Fire crews made “good progress” Thursday battling the Ramsey Fire, which was 45 percent contained by nighttime, officials said.
A total of 1,150 acres have been burned, which was the same estimate given early Thursday morning.
There were also 16 structures still listed as threatened in the area of the fire, which broke out Saturday afternoon as the result of an escaped campfire near the North Fork of the Stanislaus River about 11 miles east of Dorrington.
Pre-evacuation notices had been made to residents along portions of Highway 4, Big Meadow Campground and Camp Wolfboro, but there hasn’t been any full-scale evacuations.
Crews would continue working throughout the night, according to the South Central Sierra Interagency Incident Management Team, which took over command and control duties from the U.S. Forest Service on Tuesday night.
Heavy lift helicopters have been assisting firefighters on the ground by dropping fire retardant to limit the fire’s movement west. Fire retardant reduces flammability and has a greater effect on the fire than water, according to an incident management team statement.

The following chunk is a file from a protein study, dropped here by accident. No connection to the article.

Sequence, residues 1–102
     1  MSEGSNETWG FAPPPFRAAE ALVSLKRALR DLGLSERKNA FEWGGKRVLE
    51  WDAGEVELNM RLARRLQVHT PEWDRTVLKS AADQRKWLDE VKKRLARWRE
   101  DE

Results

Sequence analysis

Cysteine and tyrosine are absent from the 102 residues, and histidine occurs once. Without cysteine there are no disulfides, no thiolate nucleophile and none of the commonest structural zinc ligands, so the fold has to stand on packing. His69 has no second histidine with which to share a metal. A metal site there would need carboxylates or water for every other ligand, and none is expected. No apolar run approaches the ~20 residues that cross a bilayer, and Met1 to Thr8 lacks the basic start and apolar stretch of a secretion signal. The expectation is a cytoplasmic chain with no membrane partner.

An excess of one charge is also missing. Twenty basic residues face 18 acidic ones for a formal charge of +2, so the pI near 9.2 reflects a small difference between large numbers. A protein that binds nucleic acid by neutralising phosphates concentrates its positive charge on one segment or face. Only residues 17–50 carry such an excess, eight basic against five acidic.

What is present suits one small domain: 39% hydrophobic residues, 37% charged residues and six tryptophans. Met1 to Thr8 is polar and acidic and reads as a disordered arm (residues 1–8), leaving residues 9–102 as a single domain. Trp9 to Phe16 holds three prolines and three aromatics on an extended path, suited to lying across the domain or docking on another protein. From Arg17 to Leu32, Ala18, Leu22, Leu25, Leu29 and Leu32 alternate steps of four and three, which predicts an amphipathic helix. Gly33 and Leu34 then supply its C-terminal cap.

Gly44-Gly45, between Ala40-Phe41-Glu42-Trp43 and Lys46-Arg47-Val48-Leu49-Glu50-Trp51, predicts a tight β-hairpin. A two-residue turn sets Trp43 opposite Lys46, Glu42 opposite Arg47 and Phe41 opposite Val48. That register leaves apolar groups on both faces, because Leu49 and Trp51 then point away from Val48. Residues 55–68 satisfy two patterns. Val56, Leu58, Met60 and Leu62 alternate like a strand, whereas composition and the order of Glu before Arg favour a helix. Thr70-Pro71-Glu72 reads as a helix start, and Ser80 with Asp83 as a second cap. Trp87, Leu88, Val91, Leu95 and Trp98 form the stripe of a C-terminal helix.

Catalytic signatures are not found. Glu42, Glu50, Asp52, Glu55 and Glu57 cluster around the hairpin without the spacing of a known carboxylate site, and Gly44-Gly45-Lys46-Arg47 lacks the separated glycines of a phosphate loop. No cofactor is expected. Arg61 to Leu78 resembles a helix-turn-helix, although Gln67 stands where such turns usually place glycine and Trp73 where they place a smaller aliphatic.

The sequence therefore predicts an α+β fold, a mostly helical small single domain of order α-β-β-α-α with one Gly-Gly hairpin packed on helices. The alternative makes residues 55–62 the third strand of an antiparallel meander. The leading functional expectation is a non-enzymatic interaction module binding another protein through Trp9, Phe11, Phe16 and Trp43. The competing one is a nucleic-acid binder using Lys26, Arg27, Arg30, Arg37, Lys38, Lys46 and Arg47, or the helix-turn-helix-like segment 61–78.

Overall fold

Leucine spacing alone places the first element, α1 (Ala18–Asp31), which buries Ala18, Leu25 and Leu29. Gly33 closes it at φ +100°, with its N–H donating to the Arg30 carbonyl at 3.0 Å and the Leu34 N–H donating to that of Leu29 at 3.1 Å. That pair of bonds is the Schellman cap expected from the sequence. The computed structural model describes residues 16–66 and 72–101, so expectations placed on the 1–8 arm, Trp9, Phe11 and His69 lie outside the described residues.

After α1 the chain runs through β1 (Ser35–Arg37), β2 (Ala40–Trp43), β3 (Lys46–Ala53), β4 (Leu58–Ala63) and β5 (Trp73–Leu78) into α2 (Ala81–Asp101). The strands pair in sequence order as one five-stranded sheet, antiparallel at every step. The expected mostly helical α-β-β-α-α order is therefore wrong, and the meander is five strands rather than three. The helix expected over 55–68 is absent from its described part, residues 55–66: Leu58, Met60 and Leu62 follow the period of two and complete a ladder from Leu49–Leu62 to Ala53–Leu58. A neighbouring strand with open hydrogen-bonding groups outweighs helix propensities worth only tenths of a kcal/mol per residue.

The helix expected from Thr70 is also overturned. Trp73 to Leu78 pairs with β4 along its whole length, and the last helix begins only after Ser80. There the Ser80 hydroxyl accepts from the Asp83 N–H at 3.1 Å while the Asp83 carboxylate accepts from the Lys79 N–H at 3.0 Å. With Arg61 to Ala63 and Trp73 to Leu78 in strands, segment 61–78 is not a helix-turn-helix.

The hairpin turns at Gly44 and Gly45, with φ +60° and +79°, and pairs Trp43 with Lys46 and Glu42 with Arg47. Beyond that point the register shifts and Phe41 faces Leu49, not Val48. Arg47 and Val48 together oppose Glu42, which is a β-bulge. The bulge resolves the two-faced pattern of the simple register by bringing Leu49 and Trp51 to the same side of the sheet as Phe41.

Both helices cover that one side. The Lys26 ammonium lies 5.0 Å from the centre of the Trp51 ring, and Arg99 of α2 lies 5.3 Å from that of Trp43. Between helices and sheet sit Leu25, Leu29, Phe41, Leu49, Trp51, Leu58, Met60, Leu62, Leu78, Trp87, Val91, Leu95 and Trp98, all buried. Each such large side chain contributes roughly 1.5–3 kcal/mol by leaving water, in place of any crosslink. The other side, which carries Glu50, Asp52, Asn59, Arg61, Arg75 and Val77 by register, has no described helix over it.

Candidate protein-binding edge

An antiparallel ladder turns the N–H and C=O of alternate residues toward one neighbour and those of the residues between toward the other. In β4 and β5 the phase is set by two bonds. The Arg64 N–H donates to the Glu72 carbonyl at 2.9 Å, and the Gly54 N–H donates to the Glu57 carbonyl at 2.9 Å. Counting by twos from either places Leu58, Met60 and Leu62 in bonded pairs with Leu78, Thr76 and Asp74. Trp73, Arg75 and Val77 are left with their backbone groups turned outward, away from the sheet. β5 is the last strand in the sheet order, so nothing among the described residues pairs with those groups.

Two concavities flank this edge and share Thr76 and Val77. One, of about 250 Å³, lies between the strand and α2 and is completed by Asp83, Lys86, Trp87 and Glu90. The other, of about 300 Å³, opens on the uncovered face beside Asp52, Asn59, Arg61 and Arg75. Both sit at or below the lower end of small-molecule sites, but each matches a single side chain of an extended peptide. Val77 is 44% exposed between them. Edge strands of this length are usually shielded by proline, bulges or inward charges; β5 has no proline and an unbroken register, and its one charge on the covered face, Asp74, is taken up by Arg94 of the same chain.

A portable retardant plant was established in the Bear Valley area Wednesday so that aircraft wouldn’t have to travel to the Columbia airport to replenish supplies.
Steep terrain and limited access along the Stanislaus River is a major concern and is making construction of a direct fire line difficult.
There were still 379 firefighters battling the blaze Thursday evening.
Three firefighters have been injured so far. One suffered heat stroke and two others reacted to bee stings. All of them were treated and released.
People driving on Highway 4 are being told to expect delays. A portion of the roadway was being temporarily closed in order to accommodate fire equipment and to ensure public safety.
Residents and visitors are being advised that smoke is heaviest during the morning and at dusk.
The Calaveras County Public Health Department issued a statement Tuesday advising residents to stay inside whenever possible in order to avoid breathing in fine particles brought by wildfire smoke.